The Papers of Woodrow Wilson, Volume 23: 1911-1912; The Gubernatorial Years
Wilson, Woodrow, ed. by Arthur S. Link
Price: 45.00 USD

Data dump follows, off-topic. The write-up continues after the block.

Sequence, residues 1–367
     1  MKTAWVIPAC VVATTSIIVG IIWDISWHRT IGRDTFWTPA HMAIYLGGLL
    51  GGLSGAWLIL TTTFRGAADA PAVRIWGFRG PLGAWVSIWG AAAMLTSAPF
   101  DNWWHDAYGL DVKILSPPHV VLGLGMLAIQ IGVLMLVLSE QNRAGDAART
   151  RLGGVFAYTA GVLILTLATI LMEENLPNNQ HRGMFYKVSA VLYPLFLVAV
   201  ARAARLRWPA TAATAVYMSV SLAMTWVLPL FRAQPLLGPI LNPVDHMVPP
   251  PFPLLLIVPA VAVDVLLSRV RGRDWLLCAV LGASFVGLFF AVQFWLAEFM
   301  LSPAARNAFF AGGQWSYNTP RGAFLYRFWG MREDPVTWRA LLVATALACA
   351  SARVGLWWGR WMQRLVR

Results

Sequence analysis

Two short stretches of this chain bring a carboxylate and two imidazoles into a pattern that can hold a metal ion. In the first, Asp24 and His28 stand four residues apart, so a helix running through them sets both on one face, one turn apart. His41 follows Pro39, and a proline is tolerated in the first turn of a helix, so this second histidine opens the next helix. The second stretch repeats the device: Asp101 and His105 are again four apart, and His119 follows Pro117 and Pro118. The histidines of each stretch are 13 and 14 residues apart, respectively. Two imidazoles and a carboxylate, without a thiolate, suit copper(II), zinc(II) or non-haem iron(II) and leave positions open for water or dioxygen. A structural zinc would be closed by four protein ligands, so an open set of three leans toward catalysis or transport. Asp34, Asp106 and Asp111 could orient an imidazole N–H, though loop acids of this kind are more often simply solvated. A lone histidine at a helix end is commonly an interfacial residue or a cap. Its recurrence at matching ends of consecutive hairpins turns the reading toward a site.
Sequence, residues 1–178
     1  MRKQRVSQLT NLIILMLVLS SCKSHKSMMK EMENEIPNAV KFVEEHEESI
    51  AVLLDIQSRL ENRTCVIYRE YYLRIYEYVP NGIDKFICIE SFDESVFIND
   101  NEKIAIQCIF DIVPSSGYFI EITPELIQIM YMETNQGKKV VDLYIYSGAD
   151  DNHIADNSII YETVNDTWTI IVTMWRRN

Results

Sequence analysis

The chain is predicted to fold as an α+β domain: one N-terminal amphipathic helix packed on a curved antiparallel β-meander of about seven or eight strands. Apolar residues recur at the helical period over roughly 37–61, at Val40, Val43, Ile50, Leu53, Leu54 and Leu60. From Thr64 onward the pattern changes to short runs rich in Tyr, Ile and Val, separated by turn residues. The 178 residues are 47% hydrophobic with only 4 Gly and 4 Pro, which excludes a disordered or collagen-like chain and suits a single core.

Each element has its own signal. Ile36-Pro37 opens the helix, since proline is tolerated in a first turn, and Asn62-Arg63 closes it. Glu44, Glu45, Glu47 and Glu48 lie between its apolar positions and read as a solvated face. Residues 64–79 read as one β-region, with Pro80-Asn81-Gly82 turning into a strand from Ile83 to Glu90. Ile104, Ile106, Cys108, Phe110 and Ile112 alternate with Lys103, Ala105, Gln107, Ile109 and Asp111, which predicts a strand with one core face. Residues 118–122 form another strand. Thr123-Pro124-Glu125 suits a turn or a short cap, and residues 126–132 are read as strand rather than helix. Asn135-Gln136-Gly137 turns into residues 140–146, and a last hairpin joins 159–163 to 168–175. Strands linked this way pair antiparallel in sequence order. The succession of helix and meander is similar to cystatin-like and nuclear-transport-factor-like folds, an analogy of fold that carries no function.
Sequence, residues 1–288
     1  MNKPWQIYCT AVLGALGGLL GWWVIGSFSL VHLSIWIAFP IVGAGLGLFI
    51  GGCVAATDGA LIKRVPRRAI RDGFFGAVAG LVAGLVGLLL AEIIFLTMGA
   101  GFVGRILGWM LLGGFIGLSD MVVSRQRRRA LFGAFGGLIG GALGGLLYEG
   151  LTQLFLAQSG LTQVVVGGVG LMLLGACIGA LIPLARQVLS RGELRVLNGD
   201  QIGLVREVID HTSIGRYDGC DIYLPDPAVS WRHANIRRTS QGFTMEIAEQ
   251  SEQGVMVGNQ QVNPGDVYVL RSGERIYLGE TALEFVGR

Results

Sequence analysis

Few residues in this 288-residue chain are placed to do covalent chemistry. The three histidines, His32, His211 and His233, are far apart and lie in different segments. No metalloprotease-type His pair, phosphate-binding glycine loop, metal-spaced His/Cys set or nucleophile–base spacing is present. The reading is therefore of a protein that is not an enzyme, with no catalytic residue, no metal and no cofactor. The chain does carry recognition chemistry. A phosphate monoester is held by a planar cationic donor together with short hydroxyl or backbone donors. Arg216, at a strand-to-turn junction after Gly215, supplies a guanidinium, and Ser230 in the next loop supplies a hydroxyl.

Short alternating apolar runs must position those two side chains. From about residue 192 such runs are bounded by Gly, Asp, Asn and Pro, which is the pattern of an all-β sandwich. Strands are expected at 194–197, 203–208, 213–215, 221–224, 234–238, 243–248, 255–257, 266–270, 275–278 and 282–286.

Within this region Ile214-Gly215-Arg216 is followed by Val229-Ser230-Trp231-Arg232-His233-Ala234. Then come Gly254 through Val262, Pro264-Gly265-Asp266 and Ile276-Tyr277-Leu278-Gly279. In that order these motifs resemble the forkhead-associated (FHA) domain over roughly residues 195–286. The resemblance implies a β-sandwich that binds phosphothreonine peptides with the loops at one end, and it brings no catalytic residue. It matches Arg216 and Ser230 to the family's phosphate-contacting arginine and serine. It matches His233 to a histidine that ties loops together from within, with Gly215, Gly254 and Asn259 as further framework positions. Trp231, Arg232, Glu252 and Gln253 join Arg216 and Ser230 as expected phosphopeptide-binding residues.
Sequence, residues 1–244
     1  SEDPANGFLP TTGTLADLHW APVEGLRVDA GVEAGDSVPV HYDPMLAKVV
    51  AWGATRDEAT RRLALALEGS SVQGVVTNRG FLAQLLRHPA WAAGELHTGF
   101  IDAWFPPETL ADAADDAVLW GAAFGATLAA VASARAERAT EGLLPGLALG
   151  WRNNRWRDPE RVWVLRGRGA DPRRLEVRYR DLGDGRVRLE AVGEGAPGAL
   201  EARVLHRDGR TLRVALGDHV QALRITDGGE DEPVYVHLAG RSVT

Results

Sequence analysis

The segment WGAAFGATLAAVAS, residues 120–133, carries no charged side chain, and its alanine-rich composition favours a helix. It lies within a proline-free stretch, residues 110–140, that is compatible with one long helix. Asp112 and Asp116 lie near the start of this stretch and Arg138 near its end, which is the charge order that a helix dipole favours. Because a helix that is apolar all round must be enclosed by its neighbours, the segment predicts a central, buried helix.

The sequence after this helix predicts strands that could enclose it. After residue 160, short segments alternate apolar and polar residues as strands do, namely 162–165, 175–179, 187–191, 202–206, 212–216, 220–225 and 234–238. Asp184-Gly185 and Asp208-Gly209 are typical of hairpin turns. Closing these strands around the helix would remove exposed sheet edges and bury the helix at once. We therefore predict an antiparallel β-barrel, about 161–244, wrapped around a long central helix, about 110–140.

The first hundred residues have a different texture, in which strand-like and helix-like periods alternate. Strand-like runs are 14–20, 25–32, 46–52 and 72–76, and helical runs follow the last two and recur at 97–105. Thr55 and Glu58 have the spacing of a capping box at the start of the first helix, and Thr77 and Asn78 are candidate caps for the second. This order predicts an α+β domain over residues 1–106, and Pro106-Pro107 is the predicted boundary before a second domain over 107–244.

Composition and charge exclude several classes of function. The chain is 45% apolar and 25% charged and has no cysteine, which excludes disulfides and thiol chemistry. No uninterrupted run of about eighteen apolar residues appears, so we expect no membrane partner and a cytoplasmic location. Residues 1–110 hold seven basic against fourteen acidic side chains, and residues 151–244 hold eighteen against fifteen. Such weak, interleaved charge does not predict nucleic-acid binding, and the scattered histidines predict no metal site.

Princeton, NJ: Princeton University Press, 1977. xiv,, 687,  pages. Illustrations. Footnotes. Index. Ex-library with usual stamps and markings. Pocket removed from end paper. DJ has some wear and soiling. Arthur Stanley Link (August 8, 1920 in New Market, Virginia - March 26, 1998 in Advance, North Carolina) was an American historian and educator, known as the leading authority on U.S. President Woodrow Wilson. As a historian of the Progressive Era, Link made three major contributions: The first was to stress the importance of Progressivism in the South (a theme developed by C. Vann Woodward) and the importance of the South to progressivism nationally. Link saw Wilson as a southerner with a Southern base, who thus broadened the scope of the politics of progressivism. The second was to locate the heart of Progressivism in Theodore Roosevelt's New Nationalism platform of 1912, not in Wilson's New Freedom, the point being that Wilson was a conservative until 1913, when he suddenly accepted the core values of Roosevelt's proposals to use the federal government to reform the economy. The third was to argue that Progressivism collapsed after World War I because of internecine conflicts among reformers and uncertainties about how to pursue their agendas further. The Progressives ran out of ideas and left the field to Warren G. Harding. Nevertheless, Link also argued that Progressivism was stronger in the 1920s than was generally acknowledged and that the underground currents formed the heart of the New Deal in the 1930s. This massive multi-volume [reported as 69 volumes] collection includes all important letters, speeches, interviews, press conferences, and public papers on Woodrow Wilson. The volumes make available as never before the materials essential to understanding Wilson's personality, his intellectual, religious, and political development, and his careers as educator, writer, orator, and statesman. The Papers not only reveal the private and public man, but also the era in which he lived, making the series additionally valuable to scholars in various fields of history between the 1870's and the 1920's. This volume opens with Wilson in Kansas City--the first stop on a speaking tour that would take him through the Far West, the Midwest, and then into the South. The tour had been planned by his friends to test public reaction to a possible Wilson candidacy for the Democratic presidential nomination in 1912. Enthusiastic public reaction encourages Wilson to think seriously about running. After returning to New Jersey in early June 1911, Wilson addresses himself to the affairs of New Jersey. At the conclusion of this volume in early January 1912, Wilson seems to be the front runner in the Democratic preconvention campaign, almost certain to win the presidential nomination. Most of Wilson's personal correspondence for these months has survived and all personal letters of any conceivable significance have been included. New Jersey State Edition. Good.